Material Matters: Bulks, Base And EV Metals
China's steel production and consumption have risen to record levels recently, as steel prices have been elevated because of strong demand from the construction sector and speculative inflows. Nevertheless, analysts believe looming large-scale capacity closures over November to March are likely to have a major impact on demand.
Iron ore prices have retreated rapidly, linked to steel mills cutting orders ahead of the capacity closures. National Australia Bank analysts expect the spot price to trend around the US$60/t mark over the next year, given ample supply.
CIBC Capital Markets also expects the oversupply in iron ore to persist. Given realities of the previous cycles investment firm, supply appears strong enough to keep the seaborne market in balance. Macquarie increases 2019 iron ore price forecasts to US$55/t but maintains a view that this level is required over the next couple years to clear an accumulative surplus of around 120mt.
Metallurgical coal prices are expected to ease from levels near US$200/t as weaker steel production affects demand, heading down to US$100/t by the end of 2018.
Macquarie has made a significant revision to its estimates for manganese ore, because of a swift supply response from South Africa. Chinese imports have increased around 38% but visible of port inventories remain low and this is expected to support prices in the current quarter, despite reductions to steel capacity. A structural shift in Chinese manganese ore production should support seaborne demand.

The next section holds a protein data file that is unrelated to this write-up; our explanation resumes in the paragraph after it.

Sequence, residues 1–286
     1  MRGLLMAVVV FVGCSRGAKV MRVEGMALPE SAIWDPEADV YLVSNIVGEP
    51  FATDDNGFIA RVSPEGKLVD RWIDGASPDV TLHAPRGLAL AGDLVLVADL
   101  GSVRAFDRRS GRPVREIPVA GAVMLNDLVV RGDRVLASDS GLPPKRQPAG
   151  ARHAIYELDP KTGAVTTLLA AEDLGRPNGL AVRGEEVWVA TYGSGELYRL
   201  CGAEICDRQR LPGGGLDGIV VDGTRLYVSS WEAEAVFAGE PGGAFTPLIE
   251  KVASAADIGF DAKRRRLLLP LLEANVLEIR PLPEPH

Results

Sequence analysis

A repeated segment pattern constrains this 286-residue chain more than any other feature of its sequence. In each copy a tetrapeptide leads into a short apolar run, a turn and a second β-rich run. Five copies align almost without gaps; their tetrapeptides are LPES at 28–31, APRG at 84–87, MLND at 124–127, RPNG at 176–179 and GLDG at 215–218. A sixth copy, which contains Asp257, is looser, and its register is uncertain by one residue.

The broker still expects a price correction in the next year, as two of the largest mines in Australia are expected to increase supply to a slowing crude steel production in China. Still, stronger import demand is expected to mean more marginal trucked tonnage from South Africa to balance the market. As a result, Macquarie revises up 2018 price forecasts by 11%.
Macquarie observes, after manganese, thermal coal has had the largest upgrades in its forecasts on a stronger Chinese currency, amid ongoing logistics bottlenecks in China. The broker also expects a sharp correction in prices during the northern winter as the Chinese government moves to increase domestic coal output.
CIBC analysts expect a softer profile in 2018 and 2019 for metals. For copper, supply increases will be forthcoming and provide downward pressure on prices. In the near-term, spot prices are running above marginal costs and, for both copper and zinc this could persist, given what are relatively slim stockpiles.
Macquarie expects a better macro environment for copper in the near-term and a deficit is expected to open up from 2021. In between, the broker believes this will be a difficult period, characterised by too much cathode. This should be enough to suppress prices below US$6000/t. In the next decade, with a lack of mine development prices are expected to move back above US$7000/t.
CIBC analysts envisage a re-balancing in aluminium and a further winding down of very high inventories suggests a relative outperformance versus copper by 2019.
Macquarie's main changes in the base metal sector are aluminium, alumina and copper. Aluminium prices may experience some spikes as the initial Chinese winter shutdown hits the market, but this should be softened later in the season by the significant stockpiling which has proceeded the reductions. The broker raises forecasts for aluminium by 4-8% beyond mid 2018 and upgrades alumina estimates by 6.8% and 8.7% to 2017 and 2018 respectively.